With Chrome 57, StartCom StartSSL SSL Certificates are branded as “not trusted”

Yesterday chrome installed an update for us, bringing the newest stable version 57 to our computers.

Together with that update we experienced an unexpected change with one of our website endpoints: for one of our endpoints, the SSL certificate was marked by chrome as insecure and we received a warning about NET::ERR_CERT_AUTHORITY_INVALID

Naturally we suspected an expired certificate and continued to check, but were surprised to find that the cert was still active and valid until 2019, so there had to be another reason!

Indeed, the problem was not with our cert or server configuration, but instead with the release of the newest chrome version, specifically version 57. An announcement was made by google last year, warning users of WoSign & StartCom SSL certificates that chrome would stop including these issuers in their trusted list by version 56.

Actually it seems that this change did not make it in version 56, but instead was made active in version 57, which has been rolled out recently.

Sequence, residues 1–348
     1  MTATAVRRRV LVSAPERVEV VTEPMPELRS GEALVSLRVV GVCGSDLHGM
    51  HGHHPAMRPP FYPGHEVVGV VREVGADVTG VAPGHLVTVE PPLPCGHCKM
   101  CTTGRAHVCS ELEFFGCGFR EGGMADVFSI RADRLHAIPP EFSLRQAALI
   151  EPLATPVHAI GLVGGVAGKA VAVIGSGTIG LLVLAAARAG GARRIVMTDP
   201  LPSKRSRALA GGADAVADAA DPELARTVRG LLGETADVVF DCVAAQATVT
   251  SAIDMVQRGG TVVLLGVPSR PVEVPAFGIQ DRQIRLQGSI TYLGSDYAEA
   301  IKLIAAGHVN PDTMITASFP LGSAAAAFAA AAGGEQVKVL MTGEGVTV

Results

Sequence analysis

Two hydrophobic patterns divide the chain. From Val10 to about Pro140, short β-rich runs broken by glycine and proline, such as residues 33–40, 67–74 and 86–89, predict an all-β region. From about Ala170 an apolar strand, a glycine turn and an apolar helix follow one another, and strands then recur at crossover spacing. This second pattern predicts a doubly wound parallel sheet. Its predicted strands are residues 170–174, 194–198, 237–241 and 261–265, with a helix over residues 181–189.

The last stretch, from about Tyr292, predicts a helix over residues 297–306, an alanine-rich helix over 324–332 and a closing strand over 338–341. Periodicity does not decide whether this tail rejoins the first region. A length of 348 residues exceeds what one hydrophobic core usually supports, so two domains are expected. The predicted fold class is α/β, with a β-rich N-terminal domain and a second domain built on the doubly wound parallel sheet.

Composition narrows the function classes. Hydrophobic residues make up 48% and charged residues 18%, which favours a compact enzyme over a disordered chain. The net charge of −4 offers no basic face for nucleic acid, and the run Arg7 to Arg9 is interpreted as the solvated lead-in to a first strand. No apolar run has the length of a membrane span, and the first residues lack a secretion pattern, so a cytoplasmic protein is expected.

We already migrated the majority of our endpoints to safe and open certificates by https://letsencrypt.org/, but one was still running on our old StartCom certificates, so we migrated that endpoint as well, after which SSL would continue to run flawlessly.

For Azure Web Apps we use https://github.com/sjkp/letsencrypt-siteextension, and for Ubuntu Server, you can follow the easy steps illustrated at https://www.digitalocean.com/community/tutorials/how-to-secure-apache-with-let-s-encrypt-on-ubuntu-16-04

Continous integration for Ionic Apps

At gfnork we build applications for ionic. Putting the general discussion about hybrid apps and ionic aside, something that has traditionally been a pain in the *** for hybrid apps is the toolchain. The config.xml vs package.json confusion for cordova plugins will probably soon come to an end, but when we started developing ionic applications we were very surprised that while development itself was smooth sailing, the build toolchain was a thing that came straight from hell.